Orange teacher raises part of new agreement
Most teachers in Orange County's public schools will get raises of $3,100 or $2,000 this year, plus an extra $1,000 bonus, according to an agreement reached Thursday between district administrators and the local teachers union.
The two-year salary agreement provides an average pay hike of 6.3 percent to more than 13,000 teachers. It also boosts starting teacher pay by $1,000 this year to $38,500 and then by another $500 the next school year.
Teachers who were employed last year will get the $1,000 bonus because in the 2013-14 school year, the Orange County school district won the Broad Prize for Urban Education, a national competition.
Diana Moore, president of the Orange County Classroom Teachers Association, said the pay hikes and the bonus would help teachers recover from the economic downturn and help improve morale in a challenging year for public education.
"This was a big boost for them," Moore said during a press conference Friday afternoon.
The new package will help keep talented teachers in Orange's classrooms, recruit new ones and further the idea that teaching is profession worthy of decent pay, she added.
The agreement, hammered out Thursday, and the press conference attended by both union and district representatives seemed in sharp contrast to last year's negotiations, which stalled, required a hearing with a magistrate and didn't wrap up until May.
The district will spend $56 million during the two years to pay for the new pay package. It will use some savings to help cover the costs but given Gov. Rick Scott's pledge to boost school funding in the coming year expects that fund will be replenished, said Scott Howat, the district's chief negotiator.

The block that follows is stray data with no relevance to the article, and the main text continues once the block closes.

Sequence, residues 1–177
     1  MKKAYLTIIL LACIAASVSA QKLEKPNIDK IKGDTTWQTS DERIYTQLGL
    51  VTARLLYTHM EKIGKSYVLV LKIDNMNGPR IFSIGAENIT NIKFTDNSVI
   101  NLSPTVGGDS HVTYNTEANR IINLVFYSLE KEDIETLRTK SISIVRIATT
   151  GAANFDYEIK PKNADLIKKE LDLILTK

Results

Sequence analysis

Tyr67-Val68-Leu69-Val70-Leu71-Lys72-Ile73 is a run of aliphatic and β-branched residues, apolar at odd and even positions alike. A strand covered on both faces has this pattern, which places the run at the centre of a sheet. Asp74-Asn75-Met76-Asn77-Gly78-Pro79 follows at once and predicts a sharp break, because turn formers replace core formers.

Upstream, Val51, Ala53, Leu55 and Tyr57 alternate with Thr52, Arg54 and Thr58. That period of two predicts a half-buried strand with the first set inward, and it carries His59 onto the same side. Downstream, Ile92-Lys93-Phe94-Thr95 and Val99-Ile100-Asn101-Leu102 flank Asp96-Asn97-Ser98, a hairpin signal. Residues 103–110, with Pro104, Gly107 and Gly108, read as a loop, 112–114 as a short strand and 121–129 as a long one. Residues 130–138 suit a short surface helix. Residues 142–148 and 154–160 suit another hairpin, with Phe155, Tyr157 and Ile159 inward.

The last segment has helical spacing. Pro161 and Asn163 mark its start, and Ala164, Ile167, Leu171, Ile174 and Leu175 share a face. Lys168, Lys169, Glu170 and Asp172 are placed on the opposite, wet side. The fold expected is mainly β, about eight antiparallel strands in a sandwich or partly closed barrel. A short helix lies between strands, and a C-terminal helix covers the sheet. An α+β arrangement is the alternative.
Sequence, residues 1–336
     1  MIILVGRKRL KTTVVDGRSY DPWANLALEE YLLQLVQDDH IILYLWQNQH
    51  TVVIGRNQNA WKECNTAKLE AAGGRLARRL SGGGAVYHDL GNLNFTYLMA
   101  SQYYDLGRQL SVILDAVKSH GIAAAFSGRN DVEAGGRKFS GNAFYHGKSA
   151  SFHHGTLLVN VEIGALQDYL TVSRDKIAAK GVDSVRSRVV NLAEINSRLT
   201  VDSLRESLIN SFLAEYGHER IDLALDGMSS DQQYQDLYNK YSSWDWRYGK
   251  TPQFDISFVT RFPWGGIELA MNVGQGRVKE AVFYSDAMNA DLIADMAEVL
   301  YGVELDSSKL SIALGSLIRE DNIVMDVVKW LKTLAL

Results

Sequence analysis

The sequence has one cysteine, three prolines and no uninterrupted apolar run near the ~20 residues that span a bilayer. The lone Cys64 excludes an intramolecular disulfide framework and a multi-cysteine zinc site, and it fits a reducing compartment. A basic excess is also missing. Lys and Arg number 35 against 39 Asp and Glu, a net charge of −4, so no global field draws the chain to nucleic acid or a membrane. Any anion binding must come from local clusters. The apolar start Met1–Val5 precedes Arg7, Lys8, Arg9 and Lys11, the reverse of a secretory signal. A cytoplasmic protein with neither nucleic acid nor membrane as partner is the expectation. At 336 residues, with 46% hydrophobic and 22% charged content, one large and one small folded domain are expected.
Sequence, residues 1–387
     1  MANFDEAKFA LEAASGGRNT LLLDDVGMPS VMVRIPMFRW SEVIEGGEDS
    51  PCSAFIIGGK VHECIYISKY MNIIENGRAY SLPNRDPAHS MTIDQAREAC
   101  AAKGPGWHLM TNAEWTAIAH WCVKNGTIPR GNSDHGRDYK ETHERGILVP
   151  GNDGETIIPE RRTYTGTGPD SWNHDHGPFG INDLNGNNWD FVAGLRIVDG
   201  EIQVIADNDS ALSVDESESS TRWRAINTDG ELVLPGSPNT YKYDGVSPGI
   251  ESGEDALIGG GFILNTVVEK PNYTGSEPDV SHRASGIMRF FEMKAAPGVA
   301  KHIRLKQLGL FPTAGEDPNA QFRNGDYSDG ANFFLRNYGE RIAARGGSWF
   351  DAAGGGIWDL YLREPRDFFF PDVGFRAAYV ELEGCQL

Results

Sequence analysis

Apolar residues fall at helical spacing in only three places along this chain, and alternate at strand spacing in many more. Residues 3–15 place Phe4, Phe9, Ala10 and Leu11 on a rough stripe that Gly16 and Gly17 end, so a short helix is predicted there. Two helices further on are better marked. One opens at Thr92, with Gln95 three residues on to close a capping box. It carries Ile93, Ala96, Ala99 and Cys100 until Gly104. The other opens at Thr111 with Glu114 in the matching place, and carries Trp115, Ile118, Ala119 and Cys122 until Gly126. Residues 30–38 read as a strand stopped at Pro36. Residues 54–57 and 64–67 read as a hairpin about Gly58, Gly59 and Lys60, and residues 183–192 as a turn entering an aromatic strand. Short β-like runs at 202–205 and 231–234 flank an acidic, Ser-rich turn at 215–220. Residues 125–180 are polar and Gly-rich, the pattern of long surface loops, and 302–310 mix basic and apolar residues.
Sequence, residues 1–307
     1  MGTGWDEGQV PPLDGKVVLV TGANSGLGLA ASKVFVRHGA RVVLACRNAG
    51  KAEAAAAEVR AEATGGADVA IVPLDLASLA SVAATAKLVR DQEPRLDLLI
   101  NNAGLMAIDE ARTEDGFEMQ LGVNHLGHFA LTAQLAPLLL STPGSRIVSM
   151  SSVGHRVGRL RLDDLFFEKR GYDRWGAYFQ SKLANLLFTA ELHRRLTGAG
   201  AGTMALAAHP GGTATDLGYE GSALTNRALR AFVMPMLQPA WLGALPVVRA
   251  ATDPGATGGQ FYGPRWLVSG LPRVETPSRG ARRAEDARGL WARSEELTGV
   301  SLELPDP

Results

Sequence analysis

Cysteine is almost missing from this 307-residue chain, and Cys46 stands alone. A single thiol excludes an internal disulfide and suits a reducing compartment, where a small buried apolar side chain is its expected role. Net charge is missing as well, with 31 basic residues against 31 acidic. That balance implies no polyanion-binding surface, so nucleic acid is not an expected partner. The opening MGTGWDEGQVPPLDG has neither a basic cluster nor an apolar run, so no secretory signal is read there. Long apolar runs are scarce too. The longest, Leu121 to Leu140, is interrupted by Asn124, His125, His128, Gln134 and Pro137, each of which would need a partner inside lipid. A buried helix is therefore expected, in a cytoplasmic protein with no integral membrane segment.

Howat said district leaders hoped teachers viewed the new salary package as a sign that "all that hard work and sacrifice has been valued."
Teachers below the new minimum starting salary will see their pay raised to the new minimum or be given $500, whichever is greater.
The agreement also bumps up the supplements provided to teachers with advanced degrees and to those who take on extra duties such as coaching. Coaching supplements have been stagnant since 2007, Moore said.
The pay raises will be retroactive to August, when the new school year started.
Teachers evaluated as "highly effective" will get $3,100 pay increases, those rated "effective" will get $2,000 and those with lower ratings will get $500. Eighty percent of teachers will get either $3,100 or $2,000.
The salary agreement must be ratified by teachers.
There will be no raises for teachers next year unless state funding increases by more than $308 per student. Then negotiations could begin again, the agreement said.Copyright © 2015, Orlando Sentinel